Derry Man Pleads Guilty to Producing Child Pornography
CONCORD, N.H. – Acting United States Attorney John J. Farley announced that Peter Morency, 34, of Derry, New Hampshire pleaded guilty today to three counts of producing child pornography.
According to court documents and statements made in court, Morency filmed and photographed himself performing sexual acts on two children. The children, who were known to Morency, appeared to be sleeping at the time. A forensic examination of devices possessed by Morency uncovered over 5,000 still images and over 2,000 videos depicting the sexual exploitation of children, of which approximately 30 still images and 37 videos were created by the defendant. The defendant admitted to possessing and to producing the images.
Morency will be sentenced on February 22, 2018. He faces a mandatory minimum sentence of 15 years in prison and a maximum of 30 years in prison on each count of conviction.
“The United States Attorney’s Office is committed to working with our law enforcement partners to protect the children of the Granite State,” said Acting U.S. Attorney Farley. “Those who exploit children cause untold amounts of harm to their victims and our entire community. We will continue to be aggressive in our efforts to identify and prosecute those who produce child pornography to ensure that they cannot exploit additional children or cause further harm.”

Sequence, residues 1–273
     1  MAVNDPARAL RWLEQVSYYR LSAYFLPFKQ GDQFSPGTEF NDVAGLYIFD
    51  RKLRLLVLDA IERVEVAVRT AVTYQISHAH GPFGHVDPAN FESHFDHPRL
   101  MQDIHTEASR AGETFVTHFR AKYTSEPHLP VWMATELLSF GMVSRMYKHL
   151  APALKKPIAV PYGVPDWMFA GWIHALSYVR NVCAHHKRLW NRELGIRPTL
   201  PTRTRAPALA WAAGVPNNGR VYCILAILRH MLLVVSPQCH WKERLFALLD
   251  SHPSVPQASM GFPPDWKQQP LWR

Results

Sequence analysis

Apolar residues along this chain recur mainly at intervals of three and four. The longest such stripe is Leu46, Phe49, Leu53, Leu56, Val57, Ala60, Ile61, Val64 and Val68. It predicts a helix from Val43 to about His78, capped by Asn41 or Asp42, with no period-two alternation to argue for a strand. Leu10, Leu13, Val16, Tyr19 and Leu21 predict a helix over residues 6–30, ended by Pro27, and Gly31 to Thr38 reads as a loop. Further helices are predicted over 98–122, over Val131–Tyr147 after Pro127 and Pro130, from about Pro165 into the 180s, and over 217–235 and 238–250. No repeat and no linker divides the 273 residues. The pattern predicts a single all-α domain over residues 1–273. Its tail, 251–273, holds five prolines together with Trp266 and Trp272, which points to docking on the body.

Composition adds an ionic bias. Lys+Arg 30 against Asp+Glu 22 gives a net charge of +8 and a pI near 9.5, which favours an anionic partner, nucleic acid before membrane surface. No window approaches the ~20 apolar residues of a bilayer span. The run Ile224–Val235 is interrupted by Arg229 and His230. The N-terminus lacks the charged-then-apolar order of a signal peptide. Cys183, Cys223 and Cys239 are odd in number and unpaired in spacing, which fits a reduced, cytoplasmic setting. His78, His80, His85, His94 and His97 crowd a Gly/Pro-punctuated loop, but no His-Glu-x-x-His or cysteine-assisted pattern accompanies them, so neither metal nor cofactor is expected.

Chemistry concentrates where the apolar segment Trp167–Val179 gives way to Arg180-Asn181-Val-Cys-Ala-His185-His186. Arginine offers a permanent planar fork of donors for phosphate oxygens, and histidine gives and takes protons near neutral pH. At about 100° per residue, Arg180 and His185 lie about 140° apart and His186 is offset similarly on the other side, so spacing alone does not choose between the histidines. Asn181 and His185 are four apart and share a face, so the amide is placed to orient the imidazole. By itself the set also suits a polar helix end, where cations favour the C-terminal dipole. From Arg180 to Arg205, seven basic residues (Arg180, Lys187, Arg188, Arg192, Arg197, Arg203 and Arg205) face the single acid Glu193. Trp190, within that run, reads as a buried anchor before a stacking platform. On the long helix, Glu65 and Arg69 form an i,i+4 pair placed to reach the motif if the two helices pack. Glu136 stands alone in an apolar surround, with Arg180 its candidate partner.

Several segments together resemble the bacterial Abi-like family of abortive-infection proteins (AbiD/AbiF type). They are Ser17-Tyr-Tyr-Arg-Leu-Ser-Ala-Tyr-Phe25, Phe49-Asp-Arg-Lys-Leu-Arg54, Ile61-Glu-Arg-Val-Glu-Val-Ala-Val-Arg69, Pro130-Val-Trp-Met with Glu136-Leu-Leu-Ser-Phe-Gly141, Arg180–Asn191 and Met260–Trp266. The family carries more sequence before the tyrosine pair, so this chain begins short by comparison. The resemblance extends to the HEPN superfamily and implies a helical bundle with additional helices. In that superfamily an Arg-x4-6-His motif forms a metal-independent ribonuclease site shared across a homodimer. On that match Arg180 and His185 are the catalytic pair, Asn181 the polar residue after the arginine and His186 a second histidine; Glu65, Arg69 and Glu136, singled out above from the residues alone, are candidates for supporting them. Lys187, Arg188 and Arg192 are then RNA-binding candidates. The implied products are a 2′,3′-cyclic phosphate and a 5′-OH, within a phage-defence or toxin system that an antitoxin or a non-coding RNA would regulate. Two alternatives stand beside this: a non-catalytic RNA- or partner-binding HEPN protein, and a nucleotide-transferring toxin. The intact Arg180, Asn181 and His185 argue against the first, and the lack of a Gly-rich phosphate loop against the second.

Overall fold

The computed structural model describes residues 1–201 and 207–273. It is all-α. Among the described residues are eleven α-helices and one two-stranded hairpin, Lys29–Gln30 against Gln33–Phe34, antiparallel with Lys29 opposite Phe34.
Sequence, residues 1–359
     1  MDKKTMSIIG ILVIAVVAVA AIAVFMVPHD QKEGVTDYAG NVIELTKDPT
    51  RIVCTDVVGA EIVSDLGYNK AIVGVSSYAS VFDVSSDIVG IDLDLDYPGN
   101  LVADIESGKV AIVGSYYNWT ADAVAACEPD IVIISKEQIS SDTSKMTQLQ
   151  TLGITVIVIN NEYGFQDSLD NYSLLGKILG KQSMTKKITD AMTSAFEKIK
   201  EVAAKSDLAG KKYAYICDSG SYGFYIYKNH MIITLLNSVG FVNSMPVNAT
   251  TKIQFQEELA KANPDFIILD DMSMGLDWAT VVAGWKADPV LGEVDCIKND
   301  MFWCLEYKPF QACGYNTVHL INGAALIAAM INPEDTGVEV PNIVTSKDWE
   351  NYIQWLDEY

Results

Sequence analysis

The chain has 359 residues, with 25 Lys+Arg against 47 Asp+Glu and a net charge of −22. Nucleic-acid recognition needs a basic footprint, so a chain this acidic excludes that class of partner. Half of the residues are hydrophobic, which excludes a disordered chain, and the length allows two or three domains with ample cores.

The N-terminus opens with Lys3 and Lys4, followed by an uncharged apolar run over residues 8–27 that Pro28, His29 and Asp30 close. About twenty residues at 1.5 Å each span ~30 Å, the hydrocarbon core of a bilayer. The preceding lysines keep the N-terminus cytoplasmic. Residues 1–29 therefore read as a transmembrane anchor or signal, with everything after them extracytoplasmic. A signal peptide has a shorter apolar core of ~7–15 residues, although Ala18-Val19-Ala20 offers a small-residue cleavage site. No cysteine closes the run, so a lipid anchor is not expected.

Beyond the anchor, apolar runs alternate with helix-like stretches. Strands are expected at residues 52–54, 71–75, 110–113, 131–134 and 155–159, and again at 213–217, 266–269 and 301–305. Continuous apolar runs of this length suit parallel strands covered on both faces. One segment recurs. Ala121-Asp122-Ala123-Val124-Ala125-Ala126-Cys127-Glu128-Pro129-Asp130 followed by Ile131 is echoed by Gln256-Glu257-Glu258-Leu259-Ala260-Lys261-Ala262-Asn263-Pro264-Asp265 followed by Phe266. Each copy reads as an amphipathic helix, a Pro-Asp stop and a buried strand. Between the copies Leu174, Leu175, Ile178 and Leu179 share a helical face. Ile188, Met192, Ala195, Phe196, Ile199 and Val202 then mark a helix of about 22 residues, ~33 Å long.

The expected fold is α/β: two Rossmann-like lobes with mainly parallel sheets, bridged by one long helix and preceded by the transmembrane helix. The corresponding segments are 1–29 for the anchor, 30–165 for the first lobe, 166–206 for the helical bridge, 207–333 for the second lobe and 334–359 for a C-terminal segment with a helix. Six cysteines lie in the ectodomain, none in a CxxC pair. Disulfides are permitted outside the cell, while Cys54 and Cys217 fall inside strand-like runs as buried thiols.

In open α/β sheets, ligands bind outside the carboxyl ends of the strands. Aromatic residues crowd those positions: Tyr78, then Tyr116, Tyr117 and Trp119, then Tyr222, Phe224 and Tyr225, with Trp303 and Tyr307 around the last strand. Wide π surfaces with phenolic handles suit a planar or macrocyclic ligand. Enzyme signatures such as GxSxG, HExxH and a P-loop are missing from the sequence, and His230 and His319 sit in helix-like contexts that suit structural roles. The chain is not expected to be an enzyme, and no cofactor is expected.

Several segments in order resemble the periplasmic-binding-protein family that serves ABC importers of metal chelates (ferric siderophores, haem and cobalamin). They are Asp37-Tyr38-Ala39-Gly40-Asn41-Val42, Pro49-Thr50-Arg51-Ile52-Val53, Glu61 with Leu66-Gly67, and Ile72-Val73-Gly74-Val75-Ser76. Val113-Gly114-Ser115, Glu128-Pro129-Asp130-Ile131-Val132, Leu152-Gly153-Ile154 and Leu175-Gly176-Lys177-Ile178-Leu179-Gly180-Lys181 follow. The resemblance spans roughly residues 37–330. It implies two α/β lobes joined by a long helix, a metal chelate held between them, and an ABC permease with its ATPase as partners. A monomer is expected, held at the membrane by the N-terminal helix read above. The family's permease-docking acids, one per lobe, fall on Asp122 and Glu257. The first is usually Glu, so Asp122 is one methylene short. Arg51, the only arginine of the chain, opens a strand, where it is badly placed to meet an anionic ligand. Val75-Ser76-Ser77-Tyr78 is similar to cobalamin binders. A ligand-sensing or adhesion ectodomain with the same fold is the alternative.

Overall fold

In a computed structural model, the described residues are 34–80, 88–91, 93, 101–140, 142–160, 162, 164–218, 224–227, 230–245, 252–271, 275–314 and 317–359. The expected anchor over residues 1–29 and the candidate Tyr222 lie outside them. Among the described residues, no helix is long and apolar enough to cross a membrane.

"The sexual exploitation of children is a heinous crime that causes irreparable harm to its young victims," said Michael Shea, acting special agent in charge of HSI Boston. "To rescue these innocent victims, HSI works closely with our law enforcement partners to protect our communities from child predators."
This case was investigated by the U.S. Immigration and Customs Enforcement’s Homeland Security Investigations, the Derry Police Department, and the New Hampshire Internet Crimes Against Children Task Force, which includes members of several other police departments. The case is being prosecuted by Assistant U.S. Attorney Georgiana Konesky.
In February 2006, the Department of Justice introduced Project Safe Childhood, a nationwide initiative designed to protect children from online exploitation and abuse. Led by the United States Attorney’s Offices, Project Safe Childhood marshals federal, state and local resources to better locate, apprehend, and prosecute individuals who exploit children via the Internet, as well as to identify and rescue victims. For more information about Project Safe Childhood, please visit www.projectsafechildhood.gov.